E3 2009: Nintendo enter the world of physiological gaming with Wii Vitality

At this year’s E3 Microsoft, Nintendo and Sony all presented their own vision of how the player will interact with games in the future. Microsoft introduced Project Natal, a full-body hands-free game controller, which had previously been hinted upon early last month. You can check the concept video here. Sony demonstrated a wand like motion controller which works in conjunction with the Playstation Eye. And Nintendo revealed the Wii Vitality Sensor, a biosensor add-on for the Wii controller.

Sadly Nintendo didn’t reveal any specific details (or games for that matter) on how they intend to use the sensor. However from what little they did provide its likely Nintendo are going to start with stress management games similar in nature to Healing Rhythm’s Journey to Wild Divine series. Given the relax-to-win game format is very common in biofeedback based stress management, I’m suprised a game demo was not forthcoming. Oh well, E3 isn’t over as of yet, so they might reveal some more information.

Next we’ll have a look at the type of experiences the Wii Vitality can be expected to provide.

4 thoughts on “E3 2009: Nintendo enter the world of physiological gaming with Wii Vitality

  1. Steve Fairclough

    I wonder if the vitality sensor is intended to act as a plugin to the Wii Fit range – to simply add heart rate as a display during an exercise routine (as already happens on some machines in the gym). Or perhaps they’ll be more creative?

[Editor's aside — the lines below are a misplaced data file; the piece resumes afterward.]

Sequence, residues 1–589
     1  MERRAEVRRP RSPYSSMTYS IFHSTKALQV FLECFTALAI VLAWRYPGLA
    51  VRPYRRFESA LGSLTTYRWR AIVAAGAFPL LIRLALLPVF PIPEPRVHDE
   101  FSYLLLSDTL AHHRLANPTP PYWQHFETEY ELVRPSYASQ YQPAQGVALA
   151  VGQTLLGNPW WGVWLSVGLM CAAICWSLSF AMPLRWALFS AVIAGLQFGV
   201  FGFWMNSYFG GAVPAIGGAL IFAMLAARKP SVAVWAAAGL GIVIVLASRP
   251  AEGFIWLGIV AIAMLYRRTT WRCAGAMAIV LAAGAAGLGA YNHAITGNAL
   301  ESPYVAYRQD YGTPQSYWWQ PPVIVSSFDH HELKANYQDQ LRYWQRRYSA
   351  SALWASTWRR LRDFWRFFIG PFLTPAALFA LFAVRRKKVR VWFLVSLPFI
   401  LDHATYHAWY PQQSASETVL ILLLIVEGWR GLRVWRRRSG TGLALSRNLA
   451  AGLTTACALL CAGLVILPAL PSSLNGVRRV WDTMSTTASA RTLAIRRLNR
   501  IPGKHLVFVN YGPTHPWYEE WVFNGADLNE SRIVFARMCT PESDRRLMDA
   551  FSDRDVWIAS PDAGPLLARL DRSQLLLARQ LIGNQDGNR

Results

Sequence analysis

2. Kiel Gilleade

    Hopefully that’s not the extent of their imagination. Though I do expect Nintendo to start with exergames which adjust difficulty to physical exertion (as measured by heartbeat rate). It’s easy to implement and a commonly taken approach. What I’m hoping for is some thought to either physical exertion based games like. In this boxing game, the game provides a workout by measuring the player’s current heartbeat rate and presents enemies that require moves that push the player to exert themselves at different levels. For example if the player has a heartbeat rate below the required level an enemy that requires a high level of exertion is spawned. In this manner the physical exercise is naturally built into the game and doesn’t feel tacked on like so many exergames you see in gyms (e.g. peddle to make Pac-Man go faster). I’m also hoping for affective games outside the traditional stress management route (e.g. Fairies, game manipulates player perception to heartbeat rate to encourage play). More of which I’ll write about later tonite after work.

  3. Steve Fairclough

    Agreed. It seems to me that we have several levels of complexity here. The gym machines simply give feedback of physical exertion. The boxing game is smarter because physiological data is used to push the player into a particular zone of activity (and to keep them there). Similarly, this system could be used according to an sequential exercise programme (i.e. warm-up, med exertion, high exertion). The next level is where the player must actively self-regulate physiology in order to engage the mechanics of the game – mostly this has been done with stress management, but I’d be interested to hear about an alternative approach

  4. Pingback: Physiological Computing : Will the Wii Vitality every reach 99% of all customers?

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